What have we learned about how the second run of Kenai reds are managed?
Last year’s dipnet catch was some 48% of the peak caught in 2011, only 259,000 reds. Some 26,000 participated in the fishery. The decreased catch was created by ADF&G commfish management using back to back to back emergency openings that did not allow large slugs of reds to hit the Kenai River. Indeed, there were only three days when there were over 50,000 reds counted by the sonar. Craig Medred has been following this closely all year and wrote a column on it.
In that article, he reports that the 1,100 commercial permit holders caught 2.4 million reds, 17% below the average catch for the last decade. Medred also reports that the Kodiak drift fleet caught 636,000 sockeye bound for upper Cook Inlet and the Kenai River in 2012. And I guarantee you that they also caught no small number of pinks, chum and coho bound for upper Cook Inlet waters.
To “solve” this issue, ADF&G is proposing further restrictions on dipnetting on the Kenai which will in turn result in fewer fish caught by dipnetters. So, what is going on? Why is a single user group, with only 4% of the total number of those dipnetting getting priority for the commonly held resource?
The answer is that current ADF&G regulations on managing the second run of Kenai River reds prioritizes commercial catch over all other user groups. Here is what 5 AAC 21.360. Kenai River Late-Run Sockeye Salmon Management Plan says:
(a) The department shall manage the Kenai River late-run sockeye salmon stocks primarily for commercial uses based on abundance. The department shall also manage the commercial fisheries to minimize the harvest of Northern District coho, late-run Kenai River king, and Kenai River coho salmon stocks to provide personal use, sport, and guided sport fishermen with a reasonable opportunity to harvest salmon resources. Entire Regulation.
Clearly this regulation needs to change so that all user groups have an equal shot at catching fish.
Perhaps a rewrite of section (a) as follows should be considered:
(a) The department shall manage the Kenai River late-run sockeye salmon stocks to provide equal opportunity for all users based on abundance. The department shall also manage the commercial fisheries to minimize the harvest of Northern District coho, chum, pink, late-run Kenai River king, and Kenai River coho salmon stocks to provide personal use, subsistence, sport, and guided sport fishermen with an equal opportunity to harvest salmon resources.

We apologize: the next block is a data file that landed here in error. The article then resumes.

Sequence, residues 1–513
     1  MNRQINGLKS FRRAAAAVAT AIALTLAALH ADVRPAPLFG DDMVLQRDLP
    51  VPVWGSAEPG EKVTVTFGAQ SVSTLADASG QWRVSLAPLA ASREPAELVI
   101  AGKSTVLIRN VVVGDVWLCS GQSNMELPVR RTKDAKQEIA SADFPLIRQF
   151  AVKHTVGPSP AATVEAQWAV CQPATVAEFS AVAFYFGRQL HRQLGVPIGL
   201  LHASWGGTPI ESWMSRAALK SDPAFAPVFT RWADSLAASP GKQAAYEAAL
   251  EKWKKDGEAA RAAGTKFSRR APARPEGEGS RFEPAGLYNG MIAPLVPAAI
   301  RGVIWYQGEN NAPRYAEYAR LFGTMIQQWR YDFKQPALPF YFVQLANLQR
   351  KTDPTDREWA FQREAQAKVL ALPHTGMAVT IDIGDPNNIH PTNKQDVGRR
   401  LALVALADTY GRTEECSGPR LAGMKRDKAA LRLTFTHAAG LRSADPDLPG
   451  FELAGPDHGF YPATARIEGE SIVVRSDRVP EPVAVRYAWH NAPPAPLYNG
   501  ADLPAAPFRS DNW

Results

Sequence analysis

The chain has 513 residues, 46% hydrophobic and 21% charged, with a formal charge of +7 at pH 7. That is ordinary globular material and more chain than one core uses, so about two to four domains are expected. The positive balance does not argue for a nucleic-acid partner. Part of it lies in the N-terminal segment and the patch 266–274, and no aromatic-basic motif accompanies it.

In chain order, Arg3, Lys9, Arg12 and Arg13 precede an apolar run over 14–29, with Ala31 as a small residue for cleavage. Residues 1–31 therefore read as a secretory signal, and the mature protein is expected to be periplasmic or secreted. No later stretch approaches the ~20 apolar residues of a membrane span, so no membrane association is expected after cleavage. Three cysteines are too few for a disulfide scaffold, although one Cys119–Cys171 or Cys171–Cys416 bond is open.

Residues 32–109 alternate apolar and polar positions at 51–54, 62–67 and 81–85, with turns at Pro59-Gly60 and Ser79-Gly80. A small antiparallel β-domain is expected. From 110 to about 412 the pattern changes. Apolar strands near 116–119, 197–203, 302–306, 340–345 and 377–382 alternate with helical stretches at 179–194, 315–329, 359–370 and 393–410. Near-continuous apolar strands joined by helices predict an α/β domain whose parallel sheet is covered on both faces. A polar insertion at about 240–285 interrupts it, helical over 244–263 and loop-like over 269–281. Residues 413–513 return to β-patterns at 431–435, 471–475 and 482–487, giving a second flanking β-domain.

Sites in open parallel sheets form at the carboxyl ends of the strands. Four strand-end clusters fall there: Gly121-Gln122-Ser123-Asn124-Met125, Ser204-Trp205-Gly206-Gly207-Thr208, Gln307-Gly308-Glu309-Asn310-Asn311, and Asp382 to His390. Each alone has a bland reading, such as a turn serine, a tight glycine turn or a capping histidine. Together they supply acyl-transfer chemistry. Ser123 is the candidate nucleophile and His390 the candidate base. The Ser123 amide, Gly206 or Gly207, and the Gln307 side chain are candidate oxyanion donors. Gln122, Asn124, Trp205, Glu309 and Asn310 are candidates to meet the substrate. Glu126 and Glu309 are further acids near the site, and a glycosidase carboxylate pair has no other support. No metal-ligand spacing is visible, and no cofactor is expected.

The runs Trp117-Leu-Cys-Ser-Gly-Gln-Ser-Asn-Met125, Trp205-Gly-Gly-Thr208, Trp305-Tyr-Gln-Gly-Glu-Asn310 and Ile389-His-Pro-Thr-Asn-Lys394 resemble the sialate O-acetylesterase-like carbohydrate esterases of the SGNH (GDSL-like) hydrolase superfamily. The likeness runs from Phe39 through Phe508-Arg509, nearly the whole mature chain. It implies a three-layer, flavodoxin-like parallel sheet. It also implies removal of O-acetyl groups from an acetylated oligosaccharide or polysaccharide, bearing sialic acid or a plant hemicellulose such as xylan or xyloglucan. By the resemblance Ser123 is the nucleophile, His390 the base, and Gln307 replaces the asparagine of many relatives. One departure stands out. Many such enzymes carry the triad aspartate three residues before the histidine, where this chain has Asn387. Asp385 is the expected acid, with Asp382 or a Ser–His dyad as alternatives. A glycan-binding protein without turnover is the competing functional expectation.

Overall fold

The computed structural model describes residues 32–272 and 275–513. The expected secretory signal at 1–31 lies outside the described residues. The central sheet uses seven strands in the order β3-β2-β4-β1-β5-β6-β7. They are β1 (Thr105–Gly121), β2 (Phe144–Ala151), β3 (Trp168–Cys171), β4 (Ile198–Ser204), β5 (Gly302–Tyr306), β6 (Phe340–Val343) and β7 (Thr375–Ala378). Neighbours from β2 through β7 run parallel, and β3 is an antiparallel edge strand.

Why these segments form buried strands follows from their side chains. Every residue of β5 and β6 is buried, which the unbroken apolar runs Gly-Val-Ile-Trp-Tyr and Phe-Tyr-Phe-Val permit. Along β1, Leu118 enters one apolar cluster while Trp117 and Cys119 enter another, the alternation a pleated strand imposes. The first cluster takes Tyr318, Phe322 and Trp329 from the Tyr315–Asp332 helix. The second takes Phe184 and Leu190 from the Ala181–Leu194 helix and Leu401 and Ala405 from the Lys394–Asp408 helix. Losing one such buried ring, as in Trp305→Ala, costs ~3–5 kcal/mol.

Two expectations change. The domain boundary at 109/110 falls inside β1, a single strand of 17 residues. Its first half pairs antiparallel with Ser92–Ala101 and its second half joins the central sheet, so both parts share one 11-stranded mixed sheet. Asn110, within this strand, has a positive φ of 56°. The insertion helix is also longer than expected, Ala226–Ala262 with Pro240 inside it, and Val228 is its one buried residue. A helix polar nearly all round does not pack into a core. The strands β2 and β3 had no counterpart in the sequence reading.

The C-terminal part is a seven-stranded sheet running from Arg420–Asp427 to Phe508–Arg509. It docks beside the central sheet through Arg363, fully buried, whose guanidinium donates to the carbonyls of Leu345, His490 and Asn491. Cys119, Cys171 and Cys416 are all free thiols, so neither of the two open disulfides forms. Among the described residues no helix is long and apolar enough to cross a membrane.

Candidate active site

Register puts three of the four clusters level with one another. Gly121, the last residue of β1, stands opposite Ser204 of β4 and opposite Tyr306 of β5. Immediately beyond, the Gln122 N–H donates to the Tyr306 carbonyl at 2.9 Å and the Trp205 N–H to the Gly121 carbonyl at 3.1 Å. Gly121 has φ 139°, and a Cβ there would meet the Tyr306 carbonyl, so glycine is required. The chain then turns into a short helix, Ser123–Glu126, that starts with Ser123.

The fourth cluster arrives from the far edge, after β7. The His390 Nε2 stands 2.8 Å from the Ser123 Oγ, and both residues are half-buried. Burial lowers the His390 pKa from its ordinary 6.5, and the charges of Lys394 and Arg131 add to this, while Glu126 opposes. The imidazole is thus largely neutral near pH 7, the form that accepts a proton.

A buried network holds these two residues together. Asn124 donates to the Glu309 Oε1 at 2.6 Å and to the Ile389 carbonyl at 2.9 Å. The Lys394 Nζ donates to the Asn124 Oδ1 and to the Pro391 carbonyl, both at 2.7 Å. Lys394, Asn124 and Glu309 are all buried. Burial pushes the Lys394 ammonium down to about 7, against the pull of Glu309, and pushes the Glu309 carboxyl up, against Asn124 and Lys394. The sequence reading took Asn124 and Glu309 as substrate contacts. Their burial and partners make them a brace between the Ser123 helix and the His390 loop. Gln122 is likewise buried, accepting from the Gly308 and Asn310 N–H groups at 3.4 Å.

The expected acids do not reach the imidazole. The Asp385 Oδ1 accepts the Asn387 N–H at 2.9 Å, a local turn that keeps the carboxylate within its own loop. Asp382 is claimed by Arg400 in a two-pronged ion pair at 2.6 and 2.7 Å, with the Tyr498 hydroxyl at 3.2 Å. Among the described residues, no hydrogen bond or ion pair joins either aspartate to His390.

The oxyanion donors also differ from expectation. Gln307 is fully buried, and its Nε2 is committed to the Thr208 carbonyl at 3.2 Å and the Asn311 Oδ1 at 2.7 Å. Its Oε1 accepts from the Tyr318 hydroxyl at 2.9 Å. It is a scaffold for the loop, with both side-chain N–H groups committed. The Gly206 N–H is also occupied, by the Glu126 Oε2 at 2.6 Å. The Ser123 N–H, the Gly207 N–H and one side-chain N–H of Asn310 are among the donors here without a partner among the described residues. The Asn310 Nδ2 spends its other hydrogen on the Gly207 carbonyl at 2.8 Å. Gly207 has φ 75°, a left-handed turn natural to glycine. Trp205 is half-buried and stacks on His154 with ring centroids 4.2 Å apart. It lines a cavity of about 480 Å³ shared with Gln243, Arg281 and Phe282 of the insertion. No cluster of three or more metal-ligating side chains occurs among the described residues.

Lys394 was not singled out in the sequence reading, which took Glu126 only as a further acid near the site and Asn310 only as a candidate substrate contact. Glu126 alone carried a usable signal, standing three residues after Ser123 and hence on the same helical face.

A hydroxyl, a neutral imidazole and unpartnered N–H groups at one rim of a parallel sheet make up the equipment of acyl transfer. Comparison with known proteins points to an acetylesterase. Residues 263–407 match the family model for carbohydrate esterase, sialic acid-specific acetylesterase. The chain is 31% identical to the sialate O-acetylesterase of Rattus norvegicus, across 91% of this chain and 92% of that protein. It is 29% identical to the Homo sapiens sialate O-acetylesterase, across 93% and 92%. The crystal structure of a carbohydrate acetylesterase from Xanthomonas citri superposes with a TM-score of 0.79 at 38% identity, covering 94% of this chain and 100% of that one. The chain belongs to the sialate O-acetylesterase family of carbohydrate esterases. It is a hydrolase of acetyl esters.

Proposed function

Once the regulation is rewritten, then we can discuss prohibiting multiple emergency openings that do not allow catchable numbers of second run reds into the Kenai river, making them available for other user groups. A daily 8 – 12-hour window with commercial nets out of the water every single day would be one such solution. Another would be to include the ADF&G sport fish offices on the Kenai, Anchorage and the MatSu to have a vote on emergency openings. A final solution would be to move commercial nets around Kodiak back to the vicinity of Kodiak rivers so they could target Kodiak fish rather than the entirety of Cook Inlet.
This is a commonly held resource. And it is being managed to the benefit of a single, tiny user group. This must stop before other user groups take things into their own hands and pursue alternate solutions. Sooner would be better than later.
Alex Gimarc lives in Anchorage since retiring from the military in 1997. His interests include science and technology, environment, energy, economics, military affairs, fishing and disabilities policies. His weekly column “Interesting Items” is a summary of news stories with substantive Alaska-themed topics. He is a small business owner and Information Technology professional.